Block on Trump's Asylum Ban Upheld by Supreme Court
Black Friday will soon be upon us; or, more properly, the month-long holiday binge once called "Black Friday" is already here. That means you can get discounts on lawyer gifts for your lawyer friends as early as today.
But what do lawyers want for Christmas? Law-related stuff, of course, which includes gifts that make them seem more important than they really are. Here are some gift ideas that should please any lawyer.
A Fancy Lawyer Bag
If the lawyer in your life doesn't already have a leather (or pleather) messenger bag, then now's the time to get one. Nothing says style like walking into a courtroom with a leather bag full of important legal papers. (Or, if you're like Kramer, you can just put your sleeves of Ritz crackers in there.)
A Fancy Lawyer Pen
A nice fountain pen looks professional on a lawyer's desk -- and in a lawyer's hand. When it comes time to sign a contract, brandishing a fountain pen means you're 100 percent class. Don't worry; modern fountain pens have ink cartridges, so you don't have to dip them in ink like you're signing the Declaration of Independence.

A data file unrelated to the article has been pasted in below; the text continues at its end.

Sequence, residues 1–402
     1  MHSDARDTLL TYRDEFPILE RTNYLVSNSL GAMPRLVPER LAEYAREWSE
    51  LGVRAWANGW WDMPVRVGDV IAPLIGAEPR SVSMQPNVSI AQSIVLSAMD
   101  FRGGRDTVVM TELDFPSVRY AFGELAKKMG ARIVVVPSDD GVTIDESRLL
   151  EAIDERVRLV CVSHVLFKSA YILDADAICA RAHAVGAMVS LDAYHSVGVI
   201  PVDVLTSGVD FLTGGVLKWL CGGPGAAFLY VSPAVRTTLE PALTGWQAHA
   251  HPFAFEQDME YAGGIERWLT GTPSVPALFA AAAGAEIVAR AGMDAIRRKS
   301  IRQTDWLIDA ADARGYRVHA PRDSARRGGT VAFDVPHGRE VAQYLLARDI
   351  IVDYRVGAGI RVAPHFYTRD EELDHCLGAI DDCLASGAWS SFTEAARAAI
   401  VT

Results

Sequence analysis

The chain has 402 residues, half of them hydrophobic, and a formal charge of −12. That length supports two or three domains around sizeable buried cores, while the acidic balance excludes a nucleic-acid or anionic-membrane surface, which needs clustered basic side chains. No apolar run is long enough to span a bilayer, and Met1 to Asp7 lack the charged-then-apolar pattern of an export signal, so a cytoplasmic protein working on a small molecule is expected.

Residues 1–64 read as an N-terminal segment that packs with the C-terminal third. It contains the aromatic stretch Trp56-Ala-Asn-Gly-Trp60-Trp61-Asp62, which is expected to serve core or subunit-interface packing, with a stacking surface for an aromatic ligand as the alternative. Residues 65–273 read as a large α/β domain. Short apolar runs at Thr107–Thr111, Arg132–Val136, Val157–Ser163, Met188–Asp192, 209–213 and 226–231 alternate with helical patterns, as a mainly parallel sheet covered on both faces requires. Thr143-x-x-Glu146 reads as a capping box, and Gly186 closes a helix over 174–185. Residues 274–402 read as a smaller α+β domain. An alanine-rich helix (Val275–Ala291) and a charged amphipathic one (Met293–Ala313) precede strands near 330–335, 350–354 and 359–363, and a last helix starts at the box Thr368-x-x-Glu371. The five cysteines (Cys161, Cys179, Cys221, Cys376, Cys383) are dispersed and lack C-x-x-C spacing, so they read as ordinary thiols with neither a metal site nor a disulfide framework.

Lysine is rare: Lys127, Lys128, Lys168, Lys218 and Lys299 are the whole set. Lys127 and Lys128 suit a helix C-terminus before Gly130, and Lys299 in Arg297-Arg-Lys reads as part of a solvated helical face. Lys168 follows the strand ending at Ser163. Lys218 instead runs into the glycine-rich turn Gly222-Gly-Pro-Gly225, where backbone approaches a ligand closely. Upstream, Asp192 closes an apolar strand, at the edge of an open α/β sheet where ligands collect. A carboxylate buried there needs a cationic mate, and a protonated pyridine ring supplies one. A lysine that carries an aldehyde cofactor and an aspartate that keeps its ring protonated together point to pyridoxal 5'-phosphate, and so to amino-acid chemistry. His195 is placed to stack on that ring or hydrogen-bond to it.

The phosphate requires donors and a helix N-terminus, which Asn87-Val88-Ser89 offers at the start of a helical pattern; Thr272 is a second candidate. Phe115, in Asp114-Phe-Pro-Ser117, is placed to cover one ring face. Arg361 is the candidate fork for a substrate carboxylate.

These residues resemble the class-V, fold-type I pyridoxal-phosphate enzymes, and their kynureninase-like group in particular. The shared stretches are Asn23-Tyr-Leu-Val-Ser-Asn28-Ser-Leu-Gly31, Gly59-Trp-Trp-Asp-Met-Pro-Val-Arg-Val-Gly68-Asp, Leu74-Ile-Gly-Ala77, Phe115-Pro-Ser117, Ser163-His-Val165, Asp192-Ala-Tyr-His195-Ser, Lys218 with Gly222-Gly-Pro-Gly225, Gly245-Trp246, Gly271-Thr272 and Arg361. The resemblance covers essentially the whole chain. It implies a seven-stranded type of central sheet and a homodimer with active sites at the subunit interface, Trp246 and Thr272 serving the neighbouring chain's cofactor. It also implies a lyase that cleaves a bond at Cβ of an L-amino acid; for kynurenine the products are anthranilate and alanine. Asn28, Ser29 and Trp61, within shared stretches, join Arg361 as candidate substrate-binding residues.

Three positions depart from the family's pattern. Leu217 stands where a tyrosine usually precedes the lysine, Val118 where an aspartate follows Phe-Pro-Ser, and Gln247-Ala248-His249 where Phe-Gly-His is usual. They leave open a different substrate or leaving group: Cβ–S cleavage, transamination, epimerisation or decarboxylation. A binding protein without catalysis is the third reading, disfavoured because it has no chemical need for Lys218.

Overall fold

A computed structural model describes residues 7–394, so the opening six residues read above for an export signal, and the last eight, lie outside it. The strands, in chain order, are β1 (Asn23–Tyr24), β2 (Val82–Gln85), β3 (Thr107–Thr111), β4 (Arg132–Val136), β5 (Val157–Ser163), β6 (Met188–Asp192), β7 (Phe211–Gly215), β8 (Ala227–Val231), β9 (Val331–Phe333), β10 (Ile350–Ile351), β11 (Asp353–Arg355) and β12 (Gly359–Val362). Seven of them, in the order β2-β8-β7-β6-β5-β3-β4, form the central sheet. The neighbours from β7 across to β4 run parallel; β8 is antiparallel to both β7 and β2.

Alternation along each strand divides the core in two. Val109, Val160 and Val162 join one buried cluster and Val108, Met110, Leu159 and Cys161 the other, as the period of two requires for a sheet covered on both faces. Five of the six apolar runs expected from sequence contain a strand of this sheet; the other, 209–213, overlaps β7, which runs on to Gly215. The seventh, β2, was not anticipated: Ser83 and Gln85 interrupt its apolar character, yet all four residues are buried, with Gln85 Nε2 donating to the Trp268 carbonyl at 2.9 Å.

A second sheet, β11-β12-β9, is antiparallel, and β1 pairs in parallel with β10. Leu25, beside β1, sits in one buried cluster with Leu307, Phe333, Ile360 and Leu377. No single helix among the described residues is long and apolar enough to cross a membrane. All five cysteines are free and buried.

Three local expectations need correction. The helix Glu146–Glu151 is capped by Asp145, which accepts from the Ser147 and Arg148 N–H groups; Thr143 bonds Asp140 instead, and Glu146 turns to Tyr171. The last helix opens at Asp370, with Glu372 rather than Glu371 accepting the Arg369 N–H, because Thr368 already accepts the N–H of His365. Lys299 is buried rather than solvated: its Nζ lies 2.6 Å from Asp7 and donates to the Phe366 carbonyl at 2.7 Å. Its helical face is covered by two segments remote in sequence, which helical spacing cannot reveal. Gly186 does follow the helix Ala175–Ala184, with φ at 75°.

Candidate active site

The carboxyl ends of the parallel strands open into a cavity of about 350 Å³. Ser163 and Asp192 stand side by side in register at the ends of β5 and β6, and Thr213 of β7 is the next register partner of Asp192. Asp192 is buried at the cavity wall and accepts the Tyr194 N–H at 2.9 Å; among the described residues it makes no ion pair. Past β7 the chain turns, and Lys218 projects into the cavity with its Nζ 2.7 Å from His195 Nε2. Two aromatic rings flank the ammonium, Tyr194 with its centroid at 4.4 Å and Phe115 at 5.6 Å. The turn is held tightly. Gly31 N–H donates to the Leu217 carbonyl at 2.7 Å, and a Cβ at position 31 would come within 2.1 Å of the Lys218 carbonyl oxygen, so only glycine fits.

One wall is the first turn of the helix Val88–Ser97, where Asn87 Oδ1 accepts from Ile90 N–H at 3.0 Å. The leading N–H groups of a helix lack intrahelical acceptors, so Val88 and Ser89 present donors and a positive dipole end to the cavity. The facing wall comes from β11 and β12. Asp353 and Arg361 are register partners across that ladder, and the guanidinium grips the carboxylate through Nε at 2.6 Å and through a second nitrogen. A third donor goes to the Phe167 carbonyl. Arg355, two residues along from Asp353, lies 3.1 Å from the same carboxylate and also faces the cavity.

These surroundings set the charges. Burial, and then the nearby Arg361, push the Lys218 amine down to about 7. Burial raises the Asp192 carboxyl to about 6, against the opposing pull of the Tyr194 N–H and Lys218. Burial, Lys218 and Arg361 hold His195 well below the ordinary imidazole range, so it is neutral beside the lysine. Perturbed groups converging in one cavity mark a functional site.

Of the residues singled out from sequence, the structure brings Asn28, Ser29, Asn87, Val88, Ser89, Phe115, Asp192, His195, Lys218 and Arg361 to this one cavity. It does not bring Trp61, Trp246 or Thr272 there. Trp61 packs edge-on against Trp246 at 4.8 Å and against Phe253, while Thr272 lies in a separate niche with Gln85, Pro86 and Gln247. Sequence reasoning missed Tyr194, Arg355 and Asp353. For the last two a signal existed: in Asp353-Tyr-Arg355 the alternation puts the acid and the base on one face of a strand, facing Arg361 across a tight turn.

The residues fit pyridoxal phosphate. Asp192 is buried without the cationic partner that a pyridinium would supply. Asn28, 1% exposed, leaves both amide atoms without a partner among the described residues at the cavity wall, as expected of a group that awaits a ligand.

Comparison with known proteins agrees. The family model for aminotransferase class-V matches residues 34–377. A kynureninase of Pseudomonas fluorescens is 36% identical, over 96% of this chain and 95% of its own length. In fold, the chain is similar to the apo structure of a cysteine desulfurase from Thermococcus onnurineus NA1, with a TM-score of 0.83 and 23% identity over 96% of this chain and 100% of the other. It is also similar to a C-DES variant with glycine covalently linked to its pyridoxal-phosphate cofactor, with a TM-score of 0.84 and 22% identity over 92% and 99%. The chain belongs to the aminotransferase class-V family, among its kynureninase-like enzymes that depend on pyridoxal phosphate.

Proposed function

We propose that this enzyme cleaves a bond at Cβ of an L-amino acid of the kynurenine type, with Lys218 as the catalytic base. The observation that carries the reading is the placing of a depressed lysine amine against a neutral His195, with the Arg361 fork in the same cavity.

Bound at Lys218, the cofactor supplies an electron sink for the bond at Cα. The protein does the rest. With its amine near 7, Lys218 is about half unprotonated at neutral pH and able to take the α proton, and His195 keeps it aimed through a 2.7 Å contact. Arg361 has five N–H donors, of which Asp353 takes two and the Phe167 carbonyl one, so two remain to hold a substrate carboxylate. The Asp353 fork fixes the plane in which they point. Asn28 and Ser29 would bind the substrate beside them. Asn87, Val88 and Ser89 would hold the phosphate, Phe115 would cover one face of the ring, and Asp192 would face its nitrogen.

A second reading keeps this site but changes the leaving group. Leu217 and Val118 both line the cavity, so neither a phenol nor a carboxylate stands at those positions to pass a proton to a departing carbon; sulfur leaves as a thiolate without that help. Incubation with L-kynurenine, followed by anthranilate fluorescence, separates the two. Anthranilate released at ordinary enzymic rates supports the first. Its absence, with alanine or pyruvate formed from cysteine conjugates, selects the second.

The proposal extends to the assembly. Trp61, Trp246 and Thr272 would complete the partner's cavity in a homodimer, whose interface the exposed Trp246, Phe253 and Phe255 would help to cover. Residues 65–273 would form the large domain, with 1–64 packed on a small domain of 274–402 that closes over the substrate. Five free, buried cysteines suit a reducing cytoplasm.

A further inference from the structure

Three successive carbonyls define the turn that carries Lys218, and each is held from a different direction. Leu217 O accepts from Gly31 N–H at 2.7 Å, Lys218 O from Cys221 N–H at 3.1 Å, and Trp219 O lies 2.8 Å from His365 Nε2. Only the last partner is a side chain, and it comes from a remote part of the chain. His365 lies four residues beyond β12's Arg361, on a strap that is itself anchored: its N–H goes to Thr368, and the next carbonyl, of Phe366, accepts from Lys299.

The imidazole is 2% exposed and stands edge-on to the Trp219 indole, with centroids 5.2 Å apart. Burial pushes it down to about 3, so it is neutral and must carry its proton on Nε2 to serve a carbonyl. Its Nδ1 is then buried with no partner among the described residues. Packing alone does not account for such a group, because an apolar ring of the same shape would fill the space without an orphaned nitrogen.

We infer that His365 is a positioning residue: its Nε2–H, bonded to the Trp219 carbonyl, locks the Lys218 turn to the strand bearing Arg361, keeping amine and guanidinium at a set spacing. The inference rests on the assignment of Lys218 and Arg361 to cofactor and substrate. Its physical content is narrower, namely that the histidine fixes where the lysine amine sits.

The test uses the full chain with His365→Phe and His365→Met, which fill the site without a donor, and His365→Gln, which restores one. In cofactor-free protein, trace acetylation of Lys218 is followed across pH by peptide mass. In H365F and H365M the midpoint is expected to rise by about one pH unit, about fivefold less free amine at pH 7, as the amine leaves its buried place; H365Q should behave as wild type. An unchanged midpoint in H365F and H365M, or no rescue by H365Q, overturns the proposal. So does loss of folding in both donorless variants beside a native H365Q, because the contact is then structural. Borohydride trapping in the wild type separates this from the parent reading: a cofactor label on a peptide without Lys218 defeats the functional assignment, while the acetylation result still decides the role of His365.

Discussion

Law School in a Box
As it turns out, you didn't actually need to go to law school. For 15 bucks, you get a tiny textbook that includes famous Supreme Court decisions, some legal jargon, a diploma written in Lawyer Latin, and some neat trading cards featuring famous lawyers. Hey, the job opportunities are still the same, anyway.
Whether you're imbibing at home or in the office, "Mad Men"-style, a set of crystal Old Fashioned glasses look smart and professional. Better yet, see if you can get a set with a matching decanter. That will really make it look like Master Carson has been there to pour your bourbon into a cool-looking crystal decanter (Lord Grantham sold separately.)
A Billable Hour Clock
Who cares what time it is? What's important is how much time has elapsed since you started working on that client project. Instead of being divided into numbers 1-12, the billable hour clock is divided into ten numbers, from 0.1 - 1.0, to let you know how much time you've spent on a client matter. Never overbill or underbill again! Now if they just had an "annual billable hours" countdown clock.
Editor's Note, November 19, 2015: This post was first published in November 2014. It has since been updated.
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